The 29th Sunday in Ordinary Time - The Homily

Consider the judge in today’s parable. Most people see the judge as a metaphor God. Our prayers are not answered and we pray again and again and again until God is finally worn down by our incessant intercession and He finally caves in and gives us what we want. Then we call this “God’s timing.”

Is that the way you really see God? Seriously?

The judge is not a metaphor for God. God is not even one of the characters in the parable. The judge is actually a metaphor for a person or a situation or a sin or something that challenges you either on a spiritual or on a human level.

Reconfiguration - God is not avoiding you nor ignoring your pleas. God has something for you to accomplish but he also needs to be at a higher level. God will not let valuable resources lie dormant. You need to grow. God also knows that as you grow spiritually, the powers of darkness will see you as a greater threat. “Great levels – greater devils.” Thus God knows exactly how much formation needs to occur and is also aware of what the ideal timeframe is for his plan to be carried out for your own improvement. As iron sharpens iron, so one person sharpens another. (Proverbs 27:17). The same can apply to God allowing the difficulty or the person or situation to personally challenge you.

First question: Ask God – “What are you doing? What are you trying to teach me?”

Resources - This kind of formation is not easy. So let’s next consider the First Old Testament Reading from Exodus. God does not expect you to grow in your faith alone. It is important that you consider what other resources and other people are around you. Second point, ask God “Who are my Aaron and my Hur? Where and what and who are the resources and blessings that you have placed at my disposal at this time in my spiritual formation?

Second Set of Questions: Ask God: Who is my Aaron? Where is my Hur? Where and what and who are the resources and blessing that you have placed at my disposal at this phase of my spiritual formation?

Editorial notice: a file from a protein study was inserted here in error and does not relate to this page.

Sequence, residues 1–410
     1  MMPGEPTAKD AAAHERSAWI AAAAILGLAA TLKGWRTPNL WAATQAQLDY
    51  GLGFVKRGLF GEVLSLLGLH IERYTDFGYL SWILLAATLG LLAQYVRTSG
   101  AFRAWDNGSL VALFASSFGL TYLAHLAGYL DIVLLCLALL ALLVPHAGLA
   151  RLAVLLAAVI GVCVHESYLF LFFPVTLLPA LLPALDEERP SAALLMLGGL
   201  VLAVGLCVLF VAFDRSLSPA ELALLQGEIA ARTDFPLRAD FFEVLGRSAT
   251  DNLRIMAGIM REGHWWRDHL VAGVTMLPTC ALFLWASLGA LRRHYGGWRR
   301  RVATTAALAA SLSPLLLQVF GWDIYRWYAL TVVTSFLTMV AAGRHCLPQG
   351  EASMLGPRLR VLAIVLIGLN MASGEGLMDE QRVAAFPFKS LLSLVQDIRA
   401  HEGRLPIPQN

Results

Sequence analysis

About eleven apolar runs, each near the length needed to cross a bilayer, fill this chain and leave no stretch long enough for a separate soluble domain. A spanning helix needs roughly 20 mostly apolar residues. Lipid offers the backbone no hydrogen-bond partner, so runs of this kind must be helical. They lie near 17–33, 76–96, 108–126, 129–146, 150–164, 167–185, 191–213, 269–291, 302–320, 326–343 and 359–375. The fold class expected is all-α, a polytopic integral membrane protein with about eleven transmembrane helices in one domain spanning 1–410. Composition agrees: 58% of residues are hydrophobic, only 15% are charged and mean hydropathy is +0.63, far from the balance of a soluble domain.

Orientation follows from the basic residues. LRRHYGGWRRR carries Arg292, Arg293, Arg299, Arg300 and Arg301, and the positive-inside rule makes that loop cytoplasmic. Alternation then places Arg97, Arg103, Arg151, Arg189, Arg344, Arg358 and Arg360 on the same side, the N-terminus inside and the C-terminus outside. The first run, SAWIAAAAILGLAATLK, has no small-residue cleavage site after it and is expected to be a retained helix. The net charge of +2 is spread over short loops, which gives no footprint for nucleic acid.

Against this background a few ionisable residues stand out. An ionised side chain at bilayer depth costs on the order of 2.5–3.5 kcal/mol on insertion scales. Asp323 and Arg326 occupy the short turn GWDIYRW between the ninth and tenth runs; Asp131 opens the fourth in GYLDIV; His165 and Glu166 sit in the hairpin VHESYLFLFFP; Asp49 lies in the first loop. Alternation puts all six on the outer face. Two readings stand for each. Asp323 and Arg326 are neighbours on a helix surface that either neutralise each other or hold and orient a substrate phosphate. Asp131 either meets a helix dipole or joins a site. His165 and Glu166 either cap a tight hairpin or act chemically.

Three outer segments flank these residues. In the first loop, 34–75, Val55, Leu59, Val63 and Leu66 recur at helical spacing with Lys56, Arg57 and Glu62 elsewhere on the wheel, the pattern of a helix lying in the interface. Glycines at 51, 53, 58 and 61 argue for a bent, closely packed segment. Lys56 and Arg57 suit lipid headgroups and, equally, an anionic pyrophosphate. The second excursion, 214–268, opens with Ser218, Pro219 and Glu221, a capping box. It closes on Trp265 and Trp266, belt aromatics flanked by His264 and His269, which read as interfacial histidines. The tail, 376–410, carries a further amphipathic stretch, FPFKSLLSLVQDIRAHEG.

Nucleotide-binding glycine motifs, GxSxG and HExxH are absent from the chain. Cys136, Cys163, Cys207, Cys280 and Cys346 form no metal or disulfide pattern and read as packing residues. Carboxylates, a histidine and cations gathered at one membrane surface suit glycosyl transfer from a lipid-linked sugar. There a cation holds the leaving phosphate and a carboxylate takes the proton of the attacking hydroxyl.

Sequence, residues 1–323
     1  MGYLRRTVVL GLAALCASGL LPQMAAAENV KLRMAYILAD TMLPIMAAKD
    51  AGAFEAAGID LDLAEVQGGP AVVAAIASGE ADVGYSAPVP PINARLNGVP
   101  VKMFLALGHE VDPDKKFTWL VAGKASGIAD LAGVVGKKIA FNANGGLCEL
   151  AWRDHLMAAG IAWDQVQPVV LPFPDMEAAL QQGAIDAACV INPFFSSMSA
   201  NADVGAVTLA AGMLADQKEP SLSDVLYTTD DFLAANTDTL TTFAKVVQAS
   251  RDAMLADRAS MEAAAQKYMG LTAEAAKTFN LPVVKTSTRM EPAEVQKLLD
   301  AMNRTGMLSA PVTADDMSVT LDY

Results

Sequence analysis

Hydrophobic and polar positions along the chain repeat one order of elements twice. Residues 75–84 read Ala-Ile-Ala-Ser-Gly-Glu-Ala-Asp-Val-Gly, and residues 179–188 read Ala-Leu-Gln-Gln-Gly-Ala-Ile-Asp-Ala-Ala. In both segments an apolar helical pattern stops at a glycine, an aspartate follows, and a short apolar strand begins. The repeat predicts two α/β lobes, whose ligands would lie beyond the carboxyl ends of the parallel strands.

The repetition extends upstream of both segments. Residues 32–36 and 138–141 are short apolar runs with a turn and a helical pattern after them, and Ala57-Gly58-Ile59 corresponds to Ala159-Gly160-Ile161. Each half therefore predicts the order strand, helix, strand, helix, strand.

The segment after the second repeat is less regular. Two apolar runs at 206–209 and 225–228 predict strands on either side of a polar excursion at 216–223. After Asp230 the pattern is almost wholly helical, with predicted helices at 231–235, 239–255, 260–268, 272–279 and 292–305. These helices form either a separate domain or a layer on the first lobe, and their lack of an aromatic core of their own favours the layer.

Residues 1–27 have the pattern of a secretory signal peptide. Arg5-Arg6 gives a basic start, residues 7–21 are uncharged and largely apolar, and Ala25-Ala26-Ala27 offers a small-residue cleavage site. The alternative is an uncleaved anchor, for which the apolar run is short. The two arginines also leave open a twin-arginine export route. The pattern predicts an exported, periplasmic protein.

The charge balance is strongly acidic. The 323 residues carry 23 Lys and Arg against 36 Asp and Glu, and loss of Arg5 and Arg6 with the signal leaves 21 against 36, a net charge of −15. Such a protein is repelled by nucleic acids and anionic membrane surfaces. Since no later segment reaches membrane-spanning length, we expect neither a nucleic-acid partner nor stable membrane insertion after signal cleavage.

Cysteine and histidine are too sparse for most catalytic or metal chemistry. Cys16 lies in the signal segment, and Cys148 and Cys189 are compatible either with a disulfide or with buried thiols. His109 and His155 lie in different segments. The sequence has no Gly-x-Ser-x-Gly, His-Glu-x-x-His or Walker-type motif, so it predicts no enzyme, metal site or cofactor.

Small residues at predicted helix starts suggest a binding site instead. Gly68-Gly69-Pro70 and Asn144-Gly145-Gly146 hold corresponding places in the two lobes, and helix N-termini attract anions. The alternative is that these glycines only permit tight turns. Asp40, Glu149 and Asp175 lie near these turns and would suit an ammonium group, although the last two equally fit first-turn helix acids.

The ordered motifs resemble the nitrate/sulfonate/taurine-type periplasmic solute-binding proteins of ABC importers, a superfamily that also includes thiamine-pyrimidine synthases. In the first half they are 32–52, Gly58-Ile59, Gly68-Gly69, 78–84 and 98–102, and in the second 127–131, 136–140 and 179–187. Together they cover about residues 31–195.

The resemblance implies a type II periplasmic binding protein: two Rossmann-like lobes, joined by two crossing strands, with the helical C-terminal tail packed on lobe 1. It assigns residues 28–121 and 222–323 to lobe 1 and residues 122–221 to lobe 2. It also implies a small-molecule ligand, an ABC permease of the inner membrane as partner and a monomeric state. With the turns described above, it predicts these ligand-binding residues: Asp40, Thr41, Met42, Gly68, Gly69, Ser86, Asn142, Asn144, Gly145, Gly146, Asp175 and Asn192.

Recovery - Once you have recognized and received and appropriated the resources, you begin to recover. The Lord begins to experience a sense of consolation. This is not only for your benefit however. You receive this so that, with your experience, you can help others in the future who are in the same situation you were in previously. In his 2nd Letter to the Corinthians, St. Paul’s writes that God, “comforts us in all our troubles, so that we can comfort those in any trouble with the comfort we ourselves receive from God.” (2 Corinthians 1:4)

Third Set of Questions: Where has God used difficulties, mistakes, failures in my past to console others? Where is God possibly calling me now and to whom?


Resolve – Some things in this world simply do not come without a long, hard slog. Years ago, I was speaking with a waiter from Belfast. I asked him to sit down and spend a few minutes with us and explain the entire situation in Northern Ireland to us Americans. In the end I asked him what could be done about this seemingly intractable situation. He said, “Frankly, I think that peace in Ireland will only come with prayer.” The search for world peace….it might take years. It will take a great deal of faith.

Faith is belief. Faith is also conviction in something bigger than yourself. Faith is also trust in a relationship with someone who can support you. Faith is also persistence.

Fourth Set of Questions: Is there as situation in my life that will require a long-term perspective? What is the conversation I need to have with God in prayer about this?


Let me close with a prayer attributed to St. Mother Teresa. The version of this prayer was found written on the wall in her home for children in Calcutta

People are often unreasonable, irrational, and self-centered. Forgive them anyway.

If you are kind, people may accuse you of selfish, ulterior motives. Be kind anyway.

If you are successful, you will win some unfaithful friends and some genuine enemies. Succeed anyway.

If you are honest and sincere people may deceive you. Be honest and sincere anyway.

What you spend years creating, others could destroy overnight. Create anyway.

If you find serenity and happiness, some may be jealous. Be happy anyway.

The good you do today, will often be forgotten. Do good anyway.

Give the best you have, and it will never be enough. Give your best anyway.

In the final analysis, it is between you and God….

…it was never between you and them anyway.


Audio version of the homily is here:


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